Some of the resources that are specific to Jessica and her knowledge and experiences through connections and bonds made of her lifetime. These include military consultants and personnel, first time homebuyer programs that offer incentives, and benefits for being a Florida resident. Jessica has a multitude of people on her team and in her corner who are as willing as she is to help get you on the easy track and to the best deals and steals.
VA Home Loan Guaranty
VA helps Service Members, Veterans, and eligible surviving spouses become homeowners. VA provides a home loan guaranty benefit and other housing related programs to help you buy, build, repair, retain, or adapt a home for your own personal occupancy. This is a lifetime benefit that can be used more than once. Process to obtain a VA home Loan Guaranty is not difficult, see 6 steps below.
Select a lender. Ensure Lender has your COE and complete the loan application
Get with me (a REALTOR and Veteran) to help you find a home you love and want to buy.
The lender will ask VA to assign a licensed appraiser to determine the reasonable value for the property you want to buy. A Notice of Value will be issued.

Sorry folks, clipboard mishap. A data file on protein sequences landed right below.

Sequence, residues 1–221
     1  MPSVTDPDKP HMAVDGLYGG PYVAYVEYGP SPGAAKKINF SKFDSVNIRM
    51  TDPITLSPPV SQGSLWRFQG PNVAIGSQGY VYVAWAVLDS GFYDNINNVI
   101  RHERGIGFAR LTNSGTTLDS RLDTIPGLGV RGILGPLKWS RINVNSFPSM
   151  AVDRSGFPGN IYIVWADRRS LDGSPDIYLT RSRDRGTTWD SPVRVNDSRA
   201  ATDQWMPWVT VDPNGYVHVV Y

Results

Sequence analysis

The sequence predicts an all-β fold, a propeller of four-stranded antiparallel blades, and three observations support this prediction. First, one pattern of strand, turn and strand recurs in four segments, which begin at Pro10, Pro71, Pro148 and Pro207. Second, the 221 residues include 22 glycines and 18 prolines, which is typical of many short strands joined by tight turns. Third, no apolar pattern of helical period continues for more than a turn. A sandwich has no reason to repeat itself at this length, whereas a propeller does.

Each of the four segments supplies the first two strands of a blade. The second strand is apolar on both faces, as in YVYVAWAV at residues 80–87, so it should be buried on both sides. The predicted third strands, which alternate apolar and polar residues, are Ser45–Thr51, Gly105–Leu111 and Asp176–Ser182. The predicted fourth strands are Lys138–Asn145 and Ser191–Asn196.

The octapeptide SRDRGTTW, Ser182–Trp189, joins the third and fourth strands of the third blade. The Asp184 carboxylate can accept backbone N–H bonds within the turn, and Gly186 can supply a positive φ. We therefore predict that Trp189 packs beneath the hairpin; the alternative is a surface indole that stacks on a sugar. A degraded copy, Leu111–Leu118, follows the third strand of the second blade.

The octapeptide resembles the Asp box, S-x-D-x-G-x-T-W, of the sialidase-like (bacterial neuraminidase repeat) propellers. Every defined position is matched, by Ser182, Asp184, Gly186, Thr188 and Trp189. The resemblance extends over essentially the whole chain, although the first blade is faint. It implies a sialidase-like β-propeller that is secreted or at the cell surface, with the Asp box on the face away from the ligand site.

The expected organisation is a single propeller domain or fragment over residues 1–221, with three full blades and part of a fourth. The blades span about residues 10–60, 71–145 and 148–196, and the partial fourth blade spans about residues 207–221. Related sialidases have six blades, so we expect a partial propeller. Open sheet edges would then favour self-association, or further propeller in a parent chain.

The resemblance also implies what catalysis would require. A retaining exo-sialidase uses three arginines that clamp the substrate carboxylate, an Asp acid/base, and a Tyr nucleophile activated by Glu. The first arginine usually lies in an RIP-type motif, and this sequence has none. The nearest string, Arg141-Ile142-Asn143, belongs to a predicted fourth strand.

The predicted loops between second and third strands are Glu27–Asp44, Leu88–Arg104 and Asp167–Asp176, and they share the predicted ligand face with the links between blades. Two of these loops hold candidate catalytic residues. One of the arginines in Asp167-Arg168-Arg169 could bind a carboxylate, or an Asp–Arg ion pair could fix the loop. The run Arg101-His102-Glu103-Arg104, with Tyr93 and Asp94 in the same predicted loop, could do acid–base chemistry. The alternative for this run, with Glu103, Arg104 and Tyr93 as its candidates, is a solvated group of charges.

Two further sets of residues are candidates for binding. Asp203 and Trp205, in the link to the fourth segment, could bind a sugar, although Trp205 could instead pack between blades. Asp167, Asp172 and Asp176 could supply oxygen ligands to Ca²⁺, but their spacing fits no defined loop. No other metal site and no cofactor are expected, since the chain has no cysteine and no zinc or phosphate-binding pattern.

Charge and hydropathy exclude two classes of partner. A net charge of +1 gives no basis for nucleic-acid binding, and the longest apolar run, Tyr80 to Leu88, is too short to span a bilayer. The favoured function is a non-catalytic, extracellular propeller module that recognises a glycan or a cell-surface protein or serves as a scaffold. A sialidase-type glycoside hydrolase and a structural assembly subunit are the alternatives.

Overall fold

Lender will provide a decision on the loan. If the property meets VA’s minimum property requirements the established value, your credit rating, and income are acceptable you will be approved.
Attend loan closing. Payments, and all relevant documents will be discussed, move in!
Contact me for Lenders who have partnered with Century 21 to offer special programs for those who are serving or have served in our Armed Forces. It’s time to serve you! I.e: Navy Federal Credit Union, Realogy Military Rewards, etc…
Military/Veteran Tax Exemptions
Military Deployed/ Active Duty Tax Exemption
This exemption became effective for the 2011 tax year. The exemption provides an additional tax exemption for active duty military members, reserves, the US Coast Guard and its reserves, and the Florida National Guard, who have a homestead exemption and who were deployed outside the US, Alaska or Hawaii in support of certain military operations. The exemption is based on the number of days the member was deployed the previous calendar year. This exemption does not renew and must be applied for annually as the approved operations may change every year.
Fallen Heroes Family Tax Relief Act
Provides for a 100% exemption on the homestead property for the surviving spouse of:
A military veteran who died from service-connected causes while on active duty as a member of the US armed forces.